For the barely thirteen-year-old Modest Petrovich Mussorgsky, the year 1852 is pivotal for three completely different reasons. Firstly, he is sent off to a cadet school; secondly, his first composition, the “Porte-enseigne Polka” which is dedicated to his new classmates, is published (at his father’s expense, but published nonetheless). And thirdly, 1852 is probably also the year when Mussorgsky first encounters his nemesis, which would have a decisive influence on the rest of his life and eventually bring about his death: alcohol. It is believed that his classmates coaxed him into drinking, and it became an addiction that would remain with him throughout his life.
He leaves a military career behind, however, to dedicate himself entirely to music; but his family’s social and financial downfall compels him to earn money. He accepts a position as a low-grade civil servant and moves into a shared house with a fluctuating group of young artists, which Mussorgsky himself refers to as a “commune.” Here the residents engage in political discussions and philosophical musings about God and the world, and above all about art. And this is where Mussorgsky’s search begins for a completely new kind of Russian music.
© Ulla Pilz - Radio Österreich 1


  • 1839 born as the son of a wealthy landowner in northwestern Russia, first piano lessons with his mother at the age of four, first concert at nine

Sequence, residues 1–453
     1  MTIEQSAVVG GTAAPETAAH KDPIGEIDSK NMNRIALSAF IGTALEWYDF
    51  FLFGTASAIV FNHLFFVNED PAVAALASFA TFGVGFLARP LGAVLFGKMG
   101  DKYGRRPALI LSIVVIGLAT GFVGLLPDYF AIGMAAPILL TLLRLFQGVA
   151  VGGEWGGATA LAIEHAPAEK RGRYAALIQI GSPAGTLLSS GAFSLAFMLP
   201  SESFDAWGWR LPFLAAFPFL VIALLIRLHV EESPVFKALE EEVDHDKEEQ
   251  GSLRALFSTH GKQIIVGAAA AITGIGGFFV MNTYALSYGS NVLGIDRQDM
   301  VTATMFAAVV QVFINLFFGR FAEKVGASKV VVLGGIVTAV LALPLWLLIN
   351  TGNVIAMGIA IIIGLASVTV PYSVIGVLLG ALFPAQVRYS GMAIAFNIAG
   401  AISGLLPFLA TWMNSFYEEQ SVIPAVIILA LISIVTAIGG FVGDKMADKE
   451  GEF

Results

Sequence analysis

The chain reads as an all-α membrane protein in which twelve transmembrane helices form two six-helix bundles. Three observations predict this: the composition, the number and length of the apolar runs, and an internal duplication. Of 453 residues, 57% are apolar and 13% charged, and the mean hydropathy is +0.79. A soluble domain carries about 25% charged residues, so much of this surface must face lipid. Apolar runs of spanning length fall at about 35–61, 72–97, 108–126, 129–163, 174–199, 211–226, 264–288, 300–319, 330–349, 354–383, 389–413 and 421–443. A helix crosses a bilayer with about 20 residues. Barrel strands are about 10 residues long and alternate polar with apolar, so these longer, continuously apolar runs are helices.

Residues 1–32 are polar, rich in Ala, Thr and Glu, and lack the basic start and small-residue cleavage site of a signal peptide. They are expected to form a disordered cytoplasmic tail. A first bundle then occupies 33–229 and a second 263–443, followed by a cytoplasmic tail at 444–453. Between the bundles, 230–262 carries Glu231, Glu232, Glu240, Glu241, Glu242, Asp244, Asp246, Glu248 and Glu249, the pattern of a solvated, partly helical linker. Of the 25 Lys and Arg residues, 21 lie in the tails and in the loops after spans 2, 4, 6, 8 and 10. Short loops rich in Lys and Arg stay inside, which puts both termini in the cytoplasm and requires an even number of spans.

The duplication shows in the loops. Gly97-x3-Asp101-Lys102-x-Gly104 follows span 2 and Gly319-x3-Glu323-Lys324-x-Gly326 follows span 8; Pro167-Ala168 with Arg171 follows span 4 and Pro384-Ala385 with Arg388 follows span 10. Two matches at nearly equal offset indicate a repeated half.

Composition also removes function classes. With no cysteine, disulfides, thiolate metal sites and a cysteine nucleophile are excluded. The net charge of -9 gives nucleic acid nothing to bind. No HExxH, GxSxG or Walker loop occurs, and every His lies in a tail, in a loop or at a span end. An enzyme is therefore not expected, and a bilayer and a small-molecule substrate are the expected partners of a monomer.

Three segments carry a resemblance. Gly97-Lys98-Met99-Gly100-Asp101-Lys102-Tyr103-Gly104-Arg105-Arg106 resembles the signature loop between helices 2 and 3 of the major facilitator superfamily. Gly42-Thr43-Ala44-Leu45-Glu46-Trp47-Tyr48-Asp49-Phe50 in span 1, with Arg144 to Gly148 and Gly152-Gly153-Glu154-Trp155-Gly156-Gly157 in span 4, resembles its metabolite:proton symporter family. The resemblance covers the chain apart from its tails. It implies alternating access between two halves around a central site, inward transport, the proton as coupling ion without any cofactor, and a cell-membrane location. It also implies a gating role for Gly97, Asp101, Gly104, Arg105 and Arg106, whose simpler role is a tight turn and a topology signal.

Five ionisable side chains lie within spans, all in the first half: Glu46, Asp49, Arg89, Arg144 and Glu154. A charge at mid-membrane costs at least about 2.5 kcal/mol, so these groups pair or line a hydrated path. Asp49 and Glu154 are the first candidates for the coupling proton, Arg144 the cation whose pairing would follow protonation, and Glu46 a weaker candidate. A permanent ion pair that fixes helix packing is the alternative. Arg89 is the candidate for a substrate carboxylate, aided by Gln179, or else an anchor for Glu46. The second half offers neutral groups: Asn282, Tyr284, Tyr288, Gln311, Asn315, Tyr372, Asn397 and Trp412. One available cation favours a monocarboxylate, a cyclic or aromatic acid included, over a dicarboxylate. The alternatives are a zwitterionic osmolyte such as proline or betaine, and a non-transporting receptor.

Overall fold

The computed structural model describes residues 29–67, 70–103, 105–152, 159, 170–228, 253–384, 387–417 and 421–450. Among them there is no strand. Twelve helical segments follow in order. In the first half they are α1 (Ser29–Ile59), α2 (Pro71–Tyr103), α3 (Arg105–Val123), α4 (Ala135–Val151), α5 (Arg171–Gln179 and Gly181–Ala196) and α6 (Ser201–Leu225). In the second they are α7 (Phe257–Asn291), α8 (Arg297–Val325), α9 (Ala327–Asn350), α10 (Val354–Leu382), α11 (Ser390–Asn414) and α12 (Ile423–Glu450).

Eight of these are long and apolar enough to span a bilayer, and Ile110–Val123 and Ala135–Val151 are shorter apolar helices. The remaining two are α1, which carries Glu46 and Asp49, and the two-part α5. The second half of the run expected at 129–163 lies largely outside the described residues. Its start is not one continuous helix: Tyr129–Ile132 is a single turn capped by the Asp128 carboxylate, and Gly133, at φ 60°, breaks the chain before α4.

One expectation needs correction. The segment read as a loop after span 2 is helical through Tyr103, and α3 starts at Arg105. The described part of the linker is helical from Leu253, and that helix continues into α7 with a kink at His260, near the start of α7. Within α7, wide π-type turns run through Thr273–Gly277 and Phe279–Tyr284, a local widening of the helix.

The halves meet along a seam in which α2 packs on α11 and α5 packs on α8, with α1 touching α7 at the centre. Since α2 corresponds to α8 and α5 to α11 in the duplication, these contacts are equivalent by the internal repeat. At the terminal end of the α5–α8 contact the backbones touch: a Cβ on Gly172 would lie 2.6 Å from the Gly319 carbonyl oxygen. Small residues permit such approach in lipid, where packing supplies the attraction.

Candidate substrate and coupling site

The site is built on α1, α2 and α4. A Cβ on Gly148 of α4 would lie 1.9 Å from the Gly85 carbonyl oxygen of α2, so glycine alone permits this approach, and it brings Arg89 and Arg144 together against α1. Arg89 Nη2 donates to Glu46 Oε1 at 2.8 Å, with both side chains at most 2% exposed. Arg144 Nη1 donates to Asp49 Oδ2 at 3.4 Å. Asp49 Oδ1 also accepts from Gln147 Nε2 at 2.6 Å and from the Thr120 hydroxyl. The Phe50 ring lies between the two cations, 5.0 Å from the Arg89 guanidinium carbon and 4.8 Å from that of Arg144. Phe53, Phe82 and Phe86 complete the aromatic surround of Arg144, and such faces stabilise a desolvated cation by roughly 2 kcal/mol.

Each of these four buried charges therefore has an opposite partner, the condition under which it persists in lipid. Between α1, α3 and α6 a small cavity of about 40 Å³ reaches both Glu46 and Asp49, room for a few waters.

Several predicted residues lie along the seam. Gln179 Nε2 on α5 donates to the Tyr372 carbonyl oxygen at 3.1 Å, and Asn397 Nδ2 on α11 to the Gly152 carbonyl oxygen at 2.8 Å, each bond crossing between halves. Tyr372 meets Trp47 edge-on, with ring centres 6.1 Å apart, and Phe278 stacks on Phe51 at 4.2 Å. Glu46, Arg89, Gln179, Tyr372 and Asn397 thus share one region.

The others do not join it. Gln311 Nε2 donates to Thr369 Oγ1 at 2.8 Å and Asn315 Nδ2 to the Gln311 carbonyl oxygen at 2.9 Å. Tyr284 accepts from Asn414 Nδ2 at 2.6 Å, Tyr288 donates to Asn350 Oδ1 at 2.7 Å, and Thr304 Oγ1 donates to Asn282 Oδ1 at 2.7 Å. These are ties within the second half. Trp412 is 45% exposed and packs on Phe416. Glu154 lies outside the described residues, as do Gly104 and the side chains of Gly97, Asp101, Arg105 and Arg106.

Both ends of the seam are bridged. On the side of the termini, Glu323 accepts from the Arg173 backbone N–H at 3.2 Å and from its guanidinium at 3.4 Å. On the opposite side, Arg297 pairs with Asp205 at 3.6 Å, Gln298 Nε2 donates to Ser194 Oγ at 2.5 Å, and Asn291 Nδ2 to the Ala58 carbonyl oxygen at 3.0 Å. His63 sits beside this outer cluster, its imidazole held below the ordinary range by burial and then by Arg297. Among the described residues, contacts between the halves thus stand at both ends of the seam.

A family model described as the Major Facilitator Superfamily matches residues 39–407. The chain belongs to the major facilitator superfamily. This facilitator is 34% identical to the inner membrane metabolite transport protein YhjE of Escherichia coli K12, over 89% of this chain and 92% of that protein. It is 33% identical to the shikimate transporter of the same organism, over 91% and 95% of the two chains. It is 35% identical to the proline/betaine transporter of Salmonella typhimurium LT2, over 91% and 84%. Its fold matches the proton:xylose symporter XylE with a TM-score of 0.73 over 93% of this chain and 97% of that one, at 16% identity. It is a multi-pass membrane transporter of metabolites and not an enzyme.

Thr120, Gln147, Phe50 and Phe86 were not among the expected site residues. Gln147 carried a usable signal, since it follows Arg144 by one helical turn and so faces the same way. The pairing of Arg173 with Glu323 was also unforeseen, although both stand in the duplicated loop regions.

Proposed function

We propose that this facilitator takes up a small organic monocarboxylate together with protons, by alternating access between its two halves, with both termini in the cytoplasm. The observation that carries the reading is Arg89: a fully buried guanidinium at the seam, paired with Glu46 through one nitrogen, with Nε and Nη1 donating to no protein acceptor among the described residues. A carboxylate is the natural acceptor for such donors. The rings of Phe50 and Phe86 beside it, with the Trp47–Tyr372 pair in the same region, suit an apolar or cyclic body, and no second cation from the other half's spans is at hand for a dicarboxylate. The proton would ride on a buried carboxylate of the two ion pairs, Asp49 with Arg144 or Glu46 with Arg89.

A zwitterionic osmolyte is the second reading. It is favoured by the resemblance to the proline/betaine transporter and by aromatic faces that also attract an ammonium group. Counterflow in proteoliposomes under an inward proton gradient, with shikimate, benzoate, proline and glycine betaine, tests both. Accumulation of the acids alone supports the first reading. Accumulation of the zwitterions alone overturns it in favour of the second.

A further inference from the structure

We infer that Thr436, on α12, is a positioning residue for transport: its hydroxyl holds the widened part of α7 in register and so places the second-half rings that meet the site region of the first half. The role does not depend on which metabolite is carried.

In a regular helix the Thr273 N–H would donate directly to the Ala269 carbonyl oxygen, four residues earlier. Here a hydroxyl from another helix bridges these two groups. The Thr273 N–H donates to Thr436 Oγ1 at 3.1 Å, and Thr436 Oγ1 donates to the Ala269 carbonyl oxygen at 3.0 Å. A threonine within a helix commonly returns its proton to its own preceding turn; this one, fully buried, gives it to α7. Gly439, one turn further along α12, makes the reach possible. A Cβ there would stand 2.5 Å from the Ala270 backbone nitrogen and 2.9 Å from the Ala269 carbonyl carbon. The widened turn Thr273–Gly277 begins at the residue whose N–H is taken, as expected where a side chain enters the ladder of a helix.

• 1857 lessons with Mily Balakirev, who acquaints him with the idea of a Russian national music

  • 1860 first official performance of a composition by Mussorgsky, the Scherzo in B-flat Major under the direction of Anton Rubinstein

  • 1861 serfdom is abolished in Russia, Mussorgsky’s family is impoverished

  • 1862 Mussorgsky, Rimsky-Korsakov, Balakirev, Borodin, and César Cui join together to form the “Mighty Five,” who seek to renew Russian art music through the incorporation of folk music, a striving toward realism, and references to language

  • 1865 death of Mussorgsky’s mother, the composer falls into delirium tremens

  • 1871–72 shares a room with Rimsky-Korsakov, who works hard to revise and disseminate the life’s work of Mussorgsky after his early death

  • 1874 premiere of his opera Boris Godunov, which had often been reworked up to then; the same year he composes Pictures at an Exhibition

  • 1880 he is forced to resign from his post as a civil servant for health reasons, and dies on March 28, 1881, seven days after his forty-second birthday

Did you know?

  • Mussorgsky and his composer colleagues are opposed to everything academic in music and proudly view themselves as amateurs. When Rimsky-Korsakov accepts a position as professor at the Conservatory, he is sharply criticized by his friend.

  • Claude Debussy says about Mussorgsky: “Nobody has spoken to that which is best in us with such tenderness and depth as he did ... Never before has such a refined sensibility expressed itself with such simple means.”

  • Pyotr Ilyich Tchaikovsky sees him in a more critical light: “ ... For all his ugliness, Mussorgsky does speak to us in a new language. It may not be beautiful, but it is fresh.”

  • The composer is believed to have been unhappily in love with the architect Viktor Hartmann, whose drawings were the inspiration for Mussorgsky’s Pictures at an Exhibition.

  • When he is to accompany the Italian tenor Ravelli and the singer is feeling a bit unwell, Mussorgsky transposes all the pieces down on the spot, without rehearsing and thoroughly drunk.

  • Mussorgsky is a firm opponent of the principle of l’art pour art. His intention is for his music to communicate like human language.